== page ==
Progress? Percentage of ladies raising venture capital on the rise

By Erin Griffith , written on September 6, 2013

From The News Desk

We all know about the dreaded ratio; we all want to change it. There are reasons women are underrepresented in most roles of the startup and tech world. One of the most visible is the role of the founder. Far fewer women start businesses than men -- around 30 percent of all companies in the US are owned by women. But more acute is how many of those female business-owners raise venture capital. In the first half of this year, just 13 percent of all VC deals went to female-led companies.

Without getting into a well-trod debate about why that is (arguments include "women don't start as many companies," and "the male-dominated VC world is full of intentional or unintentional sexists"), let's reflect on this smidgeon of progress, according to new data from Pitchbook.


In 2004, only four percent of companies which raised venture capital were founded by women. Ugly. For the first half of this year, 13 percent of VC deals went to female-led companies.

That means women took an additional one percent of all VC deals each year for the past nine years. That's not exactly a revolution. But it's at least movement in the right direction, no matter how small. My hope for the next ten years is that the percentages increase exponentially. More visible women in leadership roles at companies can only inspire more women to lean in, or follow their dreams, or take the plunge, or shoot for the stars, or whatever metaphor works at the end of this type of sentence.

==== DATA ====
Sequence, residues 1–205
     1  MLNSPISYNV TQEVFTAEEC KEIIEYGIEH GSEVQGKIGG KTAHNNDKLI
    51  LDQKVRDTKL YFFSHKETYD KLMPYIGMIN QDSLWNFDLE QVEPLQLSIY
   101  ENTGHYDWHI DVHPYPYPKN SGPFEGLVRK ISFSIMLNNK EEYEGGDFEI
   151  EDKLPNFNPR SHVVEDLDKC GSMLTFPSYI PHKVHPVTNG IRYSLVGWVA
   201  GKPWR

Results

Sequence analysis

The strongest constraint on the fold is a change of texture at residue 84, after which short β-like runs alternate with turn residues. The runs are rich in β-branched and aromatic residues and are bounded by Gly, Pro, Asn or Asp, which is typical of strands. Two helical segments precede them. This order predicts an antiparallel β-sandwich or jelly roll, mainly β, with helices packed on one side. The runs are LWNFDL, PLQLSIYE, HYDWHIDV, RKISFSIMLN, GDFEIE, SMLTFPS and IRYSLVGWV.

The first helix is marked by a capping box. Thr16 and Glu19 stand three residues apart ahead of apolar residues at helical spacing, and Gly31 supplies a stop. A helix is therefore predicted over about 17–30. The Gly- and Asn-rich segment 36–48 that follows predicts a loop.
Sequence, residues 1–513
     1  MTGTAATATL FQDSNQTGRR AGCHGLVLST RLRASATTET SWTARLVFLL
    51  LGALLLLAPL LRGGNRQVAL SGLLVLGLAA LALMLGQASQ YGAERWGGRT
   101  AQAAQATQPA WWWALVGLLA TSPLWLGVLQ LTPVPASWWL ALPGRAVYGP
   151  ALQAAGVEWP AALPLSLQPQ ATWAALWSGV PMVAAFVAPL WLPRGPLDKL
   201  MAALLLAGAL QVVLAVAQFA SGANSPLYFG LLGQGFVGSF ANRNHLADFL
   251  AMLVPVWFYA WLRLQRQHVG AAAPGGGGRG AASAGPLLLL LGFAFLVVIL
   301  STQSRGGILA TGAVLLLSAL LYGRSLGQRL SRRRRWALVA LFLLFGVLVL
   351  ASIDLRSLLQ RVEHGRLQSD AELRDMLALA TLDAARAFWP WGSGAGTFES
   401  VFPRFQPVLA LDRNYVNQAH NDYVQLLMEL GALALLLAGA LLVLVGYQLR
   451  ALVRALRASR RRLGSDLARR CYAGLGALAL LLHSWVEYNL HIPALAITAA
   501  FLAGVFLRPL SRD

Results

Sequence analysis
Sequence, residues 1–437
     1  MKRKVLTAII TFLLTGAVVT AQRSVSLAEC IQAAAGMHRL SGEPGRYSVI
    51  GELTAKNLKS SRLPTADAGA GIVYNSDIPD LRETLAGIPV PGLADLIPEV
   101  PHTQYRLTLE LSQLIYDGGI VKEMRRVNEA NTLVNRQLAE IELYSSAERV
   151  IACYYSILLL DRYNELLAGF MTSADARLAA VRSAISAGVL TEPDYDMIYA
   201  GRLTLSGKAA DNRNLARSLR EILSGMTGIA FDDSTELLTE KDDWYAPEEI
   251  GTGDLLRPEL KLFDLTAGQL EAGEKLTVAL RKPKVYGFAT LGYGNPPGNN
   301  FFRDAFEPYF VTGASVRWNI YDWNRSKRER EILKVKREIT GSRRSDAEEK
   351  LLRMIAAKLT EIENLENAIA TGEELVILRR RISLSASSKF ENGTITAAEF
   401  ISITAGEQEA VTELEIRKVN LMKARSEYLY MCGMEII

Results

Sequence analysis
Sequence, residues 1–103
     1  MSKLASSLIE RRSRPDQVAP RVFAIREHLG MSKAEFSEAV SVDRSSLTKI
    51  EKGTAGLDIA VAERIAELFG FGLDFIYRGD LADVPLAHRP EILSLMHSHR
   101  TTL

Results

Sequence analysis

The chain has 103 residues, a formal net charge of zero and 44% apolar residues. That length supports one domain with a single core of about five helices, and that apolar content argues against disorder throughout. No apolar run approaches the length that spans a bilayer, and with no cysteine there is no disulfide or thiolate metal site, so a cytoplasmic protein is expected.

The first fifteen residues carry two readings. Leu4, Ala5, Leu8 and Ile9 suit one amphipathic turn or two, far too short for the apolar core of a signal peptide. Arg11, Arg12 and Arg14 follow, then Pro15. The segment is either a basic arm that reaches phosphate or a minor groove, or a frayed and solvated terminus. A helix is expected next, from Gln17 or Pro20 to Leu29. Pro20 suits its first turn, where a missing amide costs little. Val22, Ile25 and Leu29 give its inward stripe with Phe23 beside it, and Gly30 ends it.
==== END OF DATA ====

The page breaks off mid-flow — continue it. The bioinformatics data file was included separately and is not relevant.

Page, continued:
I'll know we're there when I stop getting pitches that point out "AND SHE'S A FEMALE FOUNDER!" as a selling point for coverage. "Founding while female" is great, of course, but it shouldn't be newsworthy. It should be business as usual.

Women have especially changed the ratio in the retail and consumer services industries, where their companies have a 40 percent market share of venture deals. In software, however, only 10 percent of deals went to female-led companies. In this case, the scarcity argument may actually carry some weight: The percentage of women graduating with degrees in computer science has actually been in a slump since the mid-2000s.

[Image courtesy Wikimedia Commons]